YOU ARE HERE: LAT HomeCollections

Ventura County

Briquette, Wood Fires Banned in Los Padres

Safety: U.S. forestry officials take the action in light of dry conditions. Campers are disappointed but understand the need.


Reacting to one of the driest fire seasons in memory, the U.S. Forest Service has banned all wood and charcoal briquette fires in Los Padres National Forest.

While forest officials don't anticipate a great outcry over the ban, which began Tuesday and will last indefinitely, they acknowledge it may disappoint some summer campers.

Count Marlene Wait of Somis among the disappointed. She and her husband, William, had been looking forward to cooking outdoor meals in Los Padres with their Dutch oven. But since the oven requires briquettes, it's now illegal to use the oven in the forest.

"In one hour I could have made stew, enchiladas, apple crisp," she said. "Now--thank goodness I brought pans."

She now plans to use a cooking stove.

She said the ban is probably practical, but dislikes the inconvenience and bristles at the implicit suggestion that some campers aren't responsible or cautious when dealing with cooking fires or barbecues.

"I can see the reason for [the ban]," she said. "But I don't have to like it."

The ban comes a little more than two weeks after crews extinguished the Wolf fire, which burned nearly 23,000 acres in Los Padres.

Authorities have not determined the cause of the fire, which cost more than $15 million to fight and clean up.

A look at the forestry lands shows why officials are warning that this is one of the most dangerous fire seasons in years.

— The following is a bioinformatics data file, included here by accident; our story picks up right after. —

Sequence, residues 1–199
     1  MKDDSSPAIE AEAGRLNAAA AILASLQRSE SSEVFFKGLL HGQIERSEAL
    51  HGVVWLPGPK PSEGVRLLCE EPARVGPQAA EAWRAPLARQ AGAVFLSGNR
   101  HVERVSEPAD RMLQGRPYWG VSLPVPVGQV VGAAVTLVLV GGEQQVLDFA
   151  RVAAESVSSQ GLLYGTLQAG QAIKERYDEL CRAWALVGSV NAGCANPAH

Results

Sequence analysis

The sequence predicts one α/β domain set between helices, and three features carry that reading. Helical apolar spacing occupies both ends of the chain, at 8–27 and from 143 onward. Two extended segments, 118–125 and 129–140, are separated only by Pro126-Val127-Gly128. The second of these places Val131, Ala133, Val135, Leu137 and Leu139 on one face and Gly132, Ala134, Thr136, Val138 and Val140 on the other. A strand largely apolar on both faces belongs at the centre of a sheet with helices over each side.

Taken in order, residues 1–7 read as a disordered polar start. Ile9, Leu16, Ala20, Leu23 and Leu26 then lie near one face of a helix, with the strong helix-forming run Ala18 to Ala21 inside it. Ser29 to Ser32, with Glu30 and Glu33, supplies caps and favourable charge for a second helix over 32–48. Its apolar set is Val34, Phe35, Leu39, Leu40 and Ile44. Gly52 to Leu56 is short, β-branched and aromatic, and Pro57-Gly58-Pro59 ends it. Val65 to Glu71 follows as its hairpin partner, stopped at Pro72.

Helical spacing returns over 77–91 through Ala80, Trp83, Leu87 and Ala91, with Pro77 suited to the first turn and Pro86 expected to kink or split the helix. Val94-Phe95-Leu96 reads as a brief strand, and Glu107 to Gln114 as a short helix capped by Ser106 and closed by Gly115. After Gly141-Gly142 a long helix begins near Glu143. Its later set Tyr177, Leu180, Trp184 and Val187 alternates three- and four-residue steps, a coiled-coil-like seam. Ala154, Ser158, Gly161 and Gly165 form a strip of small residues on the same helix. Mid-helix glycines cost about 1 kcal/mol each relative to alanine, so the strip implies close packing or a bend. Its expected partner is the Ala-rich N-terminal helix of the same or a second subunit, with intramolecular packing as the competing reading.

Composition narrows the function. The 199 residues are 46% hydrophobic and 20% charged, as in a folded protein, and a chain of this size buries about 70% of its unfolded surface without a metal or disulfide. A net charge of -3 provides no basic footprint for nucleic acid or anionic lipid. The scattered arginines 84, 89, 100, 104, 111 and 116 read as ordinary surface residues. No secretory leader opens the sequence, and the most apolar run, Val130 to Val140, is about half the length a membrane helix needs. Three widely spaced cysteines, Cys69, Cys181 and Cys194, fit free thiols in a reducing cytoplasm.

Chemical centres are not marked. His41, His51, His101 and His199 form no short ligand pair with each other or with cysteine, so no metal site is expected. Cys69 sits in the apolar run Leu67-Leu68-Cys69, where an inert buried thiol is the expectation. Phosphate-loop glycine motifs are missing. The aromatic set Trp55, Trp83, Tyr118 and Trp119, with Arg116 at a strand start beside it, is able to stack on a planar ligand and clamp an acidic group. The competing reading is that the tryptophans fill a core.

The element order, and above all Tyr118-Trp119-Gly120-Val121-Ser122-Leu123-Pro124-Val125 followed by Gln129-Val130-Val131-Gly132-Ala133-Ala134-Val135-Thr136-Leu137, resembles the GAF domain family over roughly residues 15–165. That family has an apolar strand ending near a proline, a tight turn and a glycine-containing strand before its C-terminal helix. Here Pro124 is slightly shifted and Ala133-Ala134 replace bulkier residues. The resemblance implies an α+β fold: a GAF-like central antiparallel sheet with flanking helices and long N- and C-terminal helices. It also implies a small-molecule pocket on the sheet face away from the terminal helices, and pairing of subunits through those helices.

At the Wheeler Gorge campsite Tuesday, brittle leaves littered the parched ground. A once-flowing creek trickled past and hillsides had taken on fall hues of orange, red and brown.

"It wouldn't take much to set this place off," said William Wait, surveying his surroundings.

"In August or September, I don't know if I'd even come over here."

The extremely dry conditions have also prompted forest officials to limit cigarette smoking to inside vehicles and buildings, developed campgrounds or sites with at least three feet of clearance.

"To be honest, I think the public has been expecting us to make this announcement," said Kathy Good, a Los Padres spokeswoman. "We can't afford to let a fire get established."

But campers still have alternatives to campfires, such as picnicking or using portable stoves, she said.

"There are still lots of ways to have fun," Good said.

Although the ban may spoil some of the ambience, hardy campers will make do, said Alex Washington, a Chatsworth resident who makes an annual Fourth of July trip to the Wheeler Gorge campgrounds with his family.

Family members said they understand the need for precautions. On this trip, they were cooking with a propane stove and playing rummy at night by flashlight and propane lamp.

"Anything to keep the forest safe," Washington said.

Los Angeles Times Articles